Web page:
|Home | About | Journals | Submit | Contact Us | Français|
Contributors: AH, ACH, DC, MZ, and DM designed the study. AH and JW took part in the fieldwork. AB, DC, and MZ were responsible for the laboratory work. AH and SS did the analysis. AH drafted the manuscript, and all authors commented on the text. AH is guarantor for the study.
Influenza is an important cause of acute respiratory illness in young children. Common complications include febrile convulsions, otitis media, bronchiolitis, and croup. In epidemic years attack rates among preschool children often exceed 40%. During these years children with influenza may account for up to 30% of the increase in antibiotic prescribing.1 Symptoms and signs of influenza in children are not specific and can mimic a range of other common respiratory viral pathogens. One quick way of reaching a precise diagnosis in primary care is to use a near patient test. Near patient testing for many conditions has expanded widely in primary care, though many tests have not been rigorously evaluated.2
Previous studies in children have compared near patient influenza tests with viral culture analysis using throat or nasal swabs.3 However, a nasopharyngeal aspirate is the best specimen for detecting influenza viruses, and polymerase chain reaction (PCR) is more sensitive than tissue culture when serology is the reference standard.4,5 We compared a near patient influenza test in children in primary care with laboratory based reverse transcription PCR (RT-PCR) testing of nasopharyngeal aspirates.
From January to March 2001 and October to March 2002 we asked general practitioners in Oxfordshire to identify children with cough and fever who they thought had more than a simple cold. Using a nasal swab we performed a near patient test for influenza (QuickVue; Quidel, San Diego, CA). A research nurse did the test, which took 12 minutes.
We collected a nasopharyngeal aspirate from the other nostril and transported the sample to the laboratory within four hours. The laboratory staff were blind to the result of the near patient test. After adding phosphate buffered saline to the aspirate we added the emulsified sample to viral lysis buffer before freezing it at −80°C. We used RT-PCR to convert the extracted nucleic acids from RNA to complementary DNA. We performed a multiplex, nested PCR assay, using primer sets specific to influenza A and B, on all the samples. To validate our results we included quantified tissue culture specimens of influenza A and B as positive controls and water as negative control with every batch of samples tested.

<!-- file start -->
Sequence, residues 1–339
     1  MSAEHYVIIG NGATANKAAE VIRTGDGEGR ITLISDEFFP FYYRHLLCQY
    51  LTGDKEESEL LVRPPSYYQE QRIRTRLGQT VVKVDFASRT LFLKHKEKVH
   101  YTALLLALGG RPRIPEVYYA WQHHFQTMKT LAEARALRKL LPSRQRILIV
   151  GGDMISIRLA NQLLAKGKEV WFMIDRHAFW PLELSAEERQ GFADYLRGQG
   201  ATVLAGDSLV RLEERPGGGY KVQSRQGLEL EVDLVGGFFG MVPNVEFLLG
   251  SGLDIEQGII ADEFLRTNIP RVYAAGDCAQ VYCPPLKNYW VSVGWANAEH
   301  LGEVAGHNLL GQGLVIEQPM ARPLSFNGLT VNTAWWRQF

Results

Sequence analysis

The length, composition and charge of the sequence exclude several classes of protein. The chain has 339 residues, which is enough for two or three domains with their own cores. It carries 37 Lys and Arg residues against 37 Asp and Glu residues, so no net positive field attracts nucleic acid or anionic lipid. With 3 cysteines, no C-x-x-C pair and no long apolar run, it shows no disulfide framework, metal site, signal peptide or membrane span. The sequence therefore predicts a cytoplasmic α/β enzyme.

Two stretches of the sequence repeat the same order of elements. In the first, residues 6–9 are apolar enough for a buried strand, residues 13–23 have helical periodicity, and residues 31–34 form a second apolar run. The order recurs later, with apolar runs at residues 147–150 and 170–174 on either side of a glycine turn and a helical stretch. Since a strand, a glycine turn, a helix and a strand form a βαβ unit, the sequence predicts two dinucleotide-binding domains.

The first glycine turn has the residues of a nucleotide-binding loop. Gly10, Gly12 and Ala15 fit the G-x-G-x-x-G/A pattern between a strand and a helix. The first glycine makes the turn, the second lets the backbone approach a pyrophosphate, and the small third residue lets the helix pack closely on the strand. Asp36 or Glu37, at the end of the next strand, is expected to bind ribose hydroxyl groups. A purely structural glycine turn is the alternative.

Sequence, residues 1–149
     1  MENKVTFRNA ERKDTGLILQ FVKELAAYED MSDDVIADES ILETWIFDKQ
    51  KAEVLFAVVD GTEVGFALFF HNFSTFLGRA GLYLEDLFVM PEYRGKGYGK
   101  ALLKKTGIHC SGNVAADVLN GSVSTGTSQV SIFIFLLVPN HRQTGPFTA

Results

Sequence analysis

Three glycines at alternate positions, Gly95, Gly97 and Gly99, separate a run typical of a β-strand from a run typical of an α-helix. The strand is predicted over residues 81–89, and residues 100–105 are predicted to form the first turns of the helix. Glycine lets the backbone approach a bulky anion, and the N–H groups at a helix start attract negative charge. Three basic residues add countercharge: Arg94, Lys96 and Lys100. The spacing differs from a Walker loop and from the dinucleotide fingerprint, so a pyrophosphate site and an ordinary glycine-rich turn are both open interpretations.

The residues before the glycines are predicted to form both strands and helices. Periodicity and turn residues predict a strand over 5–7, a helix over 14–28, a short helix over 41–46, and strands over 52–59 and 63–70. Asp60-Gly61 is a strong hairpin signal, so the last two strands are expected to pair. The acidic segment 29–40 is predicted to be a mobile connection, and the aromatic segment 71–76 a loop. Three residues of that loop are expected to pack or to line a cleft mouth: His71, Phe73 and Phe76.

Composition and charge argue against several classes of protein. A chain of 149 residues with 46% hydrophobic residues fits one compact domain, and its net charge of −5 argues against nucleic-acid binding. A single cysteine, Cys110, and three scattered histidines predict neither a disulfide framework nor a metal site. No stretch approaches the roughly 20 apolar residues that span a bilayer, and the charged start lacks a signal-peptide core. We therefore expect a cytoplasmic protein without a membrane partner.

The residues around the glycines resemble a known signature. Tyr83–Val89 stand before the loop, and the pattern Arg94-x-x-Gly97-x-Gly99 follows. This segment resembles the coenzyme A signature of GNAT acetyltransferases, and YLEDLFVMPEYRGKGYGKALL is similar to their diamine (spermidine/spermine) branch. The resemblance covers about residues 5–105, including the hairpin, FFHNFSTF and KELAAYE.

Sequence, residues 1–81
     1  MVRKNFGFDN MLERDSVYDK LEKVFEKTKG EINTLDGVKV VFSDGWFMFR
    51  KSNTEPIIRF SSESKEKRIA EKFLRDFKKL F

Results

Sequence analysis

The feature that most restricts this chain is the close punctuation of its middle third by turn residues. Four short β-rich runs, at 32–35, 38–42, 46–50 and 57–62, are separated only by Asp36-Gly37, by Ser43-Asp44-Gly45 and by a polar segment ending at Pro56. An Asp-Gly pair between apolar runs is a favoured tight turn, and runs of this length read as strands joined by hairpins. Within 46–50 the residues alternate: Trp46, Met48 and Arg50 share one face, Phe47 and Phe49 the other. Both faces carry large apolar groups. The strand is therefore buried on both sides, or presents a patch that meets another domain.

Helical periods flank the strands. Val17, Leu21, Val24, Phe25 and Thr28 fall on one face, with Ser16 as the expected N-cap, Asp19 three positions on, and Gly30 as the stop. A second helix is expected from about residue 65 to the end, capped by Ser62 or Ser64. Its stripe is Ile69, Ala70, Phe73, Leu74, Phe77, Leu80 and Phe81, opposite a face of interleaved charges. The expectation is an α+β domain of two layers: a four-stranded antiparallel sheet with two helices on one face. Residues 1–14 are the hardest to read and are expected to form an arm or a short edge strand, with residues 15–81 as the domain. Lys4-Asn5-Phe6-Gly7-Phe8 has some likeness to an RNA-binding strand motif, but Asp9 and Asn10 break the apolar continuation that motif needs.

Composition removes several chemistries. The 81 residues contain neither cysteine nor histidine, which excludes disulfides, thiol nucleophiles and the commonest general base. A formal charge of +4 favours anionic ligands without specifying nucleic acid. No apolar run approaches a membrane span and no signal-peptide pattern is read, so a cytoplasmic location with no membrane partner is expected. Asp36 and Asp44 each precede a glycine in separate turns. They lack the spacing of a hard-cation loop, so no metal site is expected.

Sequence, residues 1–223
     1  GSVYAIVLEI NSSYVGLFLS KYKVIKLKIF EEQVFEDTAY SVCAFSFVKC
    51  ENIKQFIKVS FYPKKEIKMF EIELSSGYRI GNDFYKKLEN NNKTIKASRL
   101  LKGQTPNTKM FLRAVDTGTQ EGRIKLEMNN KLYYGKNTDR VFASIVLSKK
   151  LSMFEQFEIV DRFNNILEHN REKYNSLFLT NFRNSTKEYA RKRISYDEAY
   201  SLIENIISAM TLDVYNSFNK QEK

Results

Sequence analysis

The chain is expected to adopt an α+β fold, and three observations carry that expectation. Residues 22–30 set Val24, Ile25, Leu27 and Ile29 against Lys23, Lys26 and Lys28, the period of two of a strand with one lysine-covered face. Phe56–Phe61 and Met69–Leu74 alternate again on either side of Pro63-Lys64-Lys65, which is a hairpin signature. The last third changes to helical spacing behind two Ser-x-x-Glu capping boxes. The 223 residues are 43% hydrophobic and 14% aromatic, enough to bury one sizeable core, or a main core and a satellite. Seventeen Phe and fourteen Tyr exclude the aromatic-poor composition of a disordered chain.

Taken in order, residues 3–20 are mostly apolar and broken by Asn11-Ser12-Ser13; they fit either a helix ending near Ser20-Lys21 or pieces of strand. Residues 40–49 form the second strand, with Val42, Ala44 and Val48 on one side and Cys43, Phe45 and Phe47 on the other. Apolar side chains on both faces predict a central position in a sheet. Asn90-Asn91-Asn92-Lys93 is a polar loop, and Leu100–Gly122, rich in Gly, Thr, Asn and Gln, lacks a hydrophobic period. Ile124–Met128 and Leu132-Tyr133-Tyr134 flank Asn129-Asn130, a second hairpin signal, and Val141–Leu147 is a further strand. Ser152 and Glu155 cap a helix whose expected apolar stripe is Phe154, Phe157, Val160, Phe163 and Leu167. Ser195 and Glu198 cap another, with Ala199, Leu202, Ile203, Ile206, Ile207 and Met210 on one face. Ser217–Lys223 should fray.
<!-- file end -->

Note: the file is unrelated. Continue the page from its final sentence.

A nasal swab and a nasopharyngeal aspirate were taken from 157 children. The children's median age was 3 years (range 6 months to 12 years), and 100 were boys. We detected influenza by RT-PCR in 61 children (39%). The near patient test was positive in 27 of these 61 children, giving a sensitivity of 44% (95% confidence interval 32% to 58%) and a specificity of 97% (91% to 99%) (table). The likelihood ratio for a positive test result was 14.2 (4.5 to 44.7) and for a negative result 0.58 (0.46 to 0.72).
The high specificity of this near patient test, combined with its ease of use, makes it suitable to “rule in” diagnosis of influenza in children in primary care, although its low sensitivity means it cannot “rule out” influenza. A sensitivity lower than has been described previously can be explained by our choice of RT-PCR as our reference standard, on a nasopharyngeal aspirate, rather than tissue culture testing on a nasal swab.3 Future evaluations of near patient tests should use molecular reference standards rather than traditional culture based techniques. A secure diagnosis of influenza in children in primary care may be important in guiding the general practitioner's optimal management, improving the surveillance of influenza, and satisfying parents, rather than telling them, “It's just a virus.”
We thank the 40 Oxfordshire general practitioners who took part and Tim Lancaster for comments on an earlier draft of the paper.
Funding: The study was funded by the Medical Research Council as part of a programme grant in childhood infection in primary care (G0000340). The guarantor accepts full responsibility for the conduct of the study, had access to the data, and controlled the decision to publish.
Competing interests: None declared.
Ethical approval: Oxford clinical research ethics committee (C00.180).